Here’s notable film critic Richard Roeper’s review of Transformers via Rotten Tomatoes: “It's a big, cool, dopey, noisy, non-stop action powerhouse. It's also too long by a half hour and it left my ears ringing, but it's a lot of fun.”
Here’s notable film critic Richard Roeper’s review of Battleship via Rotten Tomatoes: “Big loud stupid dopey shameless clichéd overbearing and did I mention stupid?”
What do Richard Roeper's reviews have in common? That's right: similar and even identical words!
Transformers: "big, dopey, noisy, left my ears ringing."
Battleship: "big, dopey, loud."
It should be pretty clear (but not if you’re a less demanding moviegoer, eh, Richard Roeper?) that “Big loud stupid dopey shameless clichéd overbearing and did I mention stupid?” means almost exactly the same thing as “It's a big, cool, dopey, noisy, non-stop action powerhouse. It's also too long by a half hour and it left my ears ringing, but it's a lot of fun.”
This means that based on his reviews of both movies and the way he carelessly uses words, I can reach the conclusion that:
1.) They’re movies made for idiots.
2.) They’re movies not made for idiots.
What does this tell us about notable film critic Richard Roeper? He’s an idiot.
What does this tell us about notable film critics in general? They’re all idiots.
I conclude: If you liked Transformers, you’re probably going to like Battleship, not because you’re a less demanding moviegoer as our notable film critic suggests, but simply because you like movies like that. Screw Richard Roeper’s superiority. Why listen to him? He’s an idiot.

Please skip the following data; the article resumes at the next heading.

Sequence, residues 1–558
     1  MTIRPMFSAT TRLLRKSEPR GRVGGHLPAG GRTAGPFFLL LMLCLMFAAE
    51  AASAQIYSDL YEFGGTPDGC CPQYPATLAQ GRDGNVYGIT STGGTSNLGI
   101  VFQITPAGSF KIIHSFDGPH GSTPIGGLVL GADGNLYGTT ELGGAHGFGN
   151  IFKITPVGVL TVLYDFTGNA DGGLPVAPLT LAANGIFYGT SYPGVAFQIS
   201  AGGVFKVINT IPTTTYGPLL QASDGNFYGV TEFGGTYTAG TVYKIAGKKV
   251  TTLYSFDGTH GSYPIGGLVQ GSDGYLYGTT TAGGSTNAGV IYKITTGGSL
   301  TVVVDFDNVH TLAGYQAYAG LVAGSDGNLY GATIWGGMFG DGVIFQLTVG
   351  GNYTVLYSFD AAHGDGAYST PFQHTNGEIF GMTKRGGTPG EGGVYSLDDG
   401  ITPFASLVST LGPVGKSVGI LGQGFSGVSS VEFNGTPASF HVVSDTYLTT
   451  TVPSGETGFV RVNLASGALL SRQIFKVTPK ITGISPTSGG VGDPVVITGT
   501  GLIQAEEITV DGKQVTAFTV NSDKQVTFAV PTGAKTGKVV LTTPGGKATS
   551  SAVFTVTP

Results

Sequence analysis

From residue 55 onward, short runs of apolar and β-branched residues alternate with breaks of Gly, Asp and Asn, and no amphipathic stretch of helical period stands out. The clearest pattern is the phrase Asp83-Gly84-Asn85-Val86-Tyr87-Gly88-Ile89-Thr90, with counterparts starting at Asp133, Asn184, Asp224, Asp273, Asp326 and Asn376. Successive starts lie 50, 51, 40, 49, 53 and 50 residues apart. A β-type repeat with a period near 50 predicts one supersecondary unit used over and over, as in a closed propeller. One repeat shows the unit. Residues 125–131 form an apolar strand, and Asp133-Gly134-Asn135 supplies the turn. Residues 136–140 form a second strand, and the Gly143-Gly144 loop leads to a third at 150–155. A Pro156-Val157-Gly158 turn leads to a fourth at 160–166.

Do I need to tell you what Battleship is about? Really? Well, OK, let me put it this way (thanks to About.com and Seth Brown, “The Basic Rules of Battleship”): two players, a board with two grids, five ships, hit and miss markers, sink the opponents ships by guessing where they are.
Throw in some good looking actors, great effects, aliens from outer space, and lots of stuff that goes boom and you’ve pretty much got the plot for Battleship.
Honorable Mention: the U.S.S. Oklahoma. The Pearl Harbor Memorial is used in the movie in a way that I think is inventive, fun and totally cool unless you’re deeply cynical about the United States Military.
My rating: If you liked Transformers, organize a Beer Day (after 45 continuous days at sea and/or in a movie theatre), drink multiple six-packs of Land Shark Lager, loaded (i.e., slip a shot of Bacardi Limón in the neck), go and see Battleship and take your sober and super smart notable film critic-friend Richard Roeper with you and then, when you’re about to hurl because of the “big, cool, dopey, noisy, non-stop action,” dump it in his idiotic lap.
Battleship vs. Transformers: Who wins?
The U.S. Navy, of course. Talking robots that turn into cars are cool and all, but they're nowhere near as cool as the U.S. Navy. And just in case Richard Roeper doesn't know, talking robots that turn into cars are not real. The U.S. Navy is real.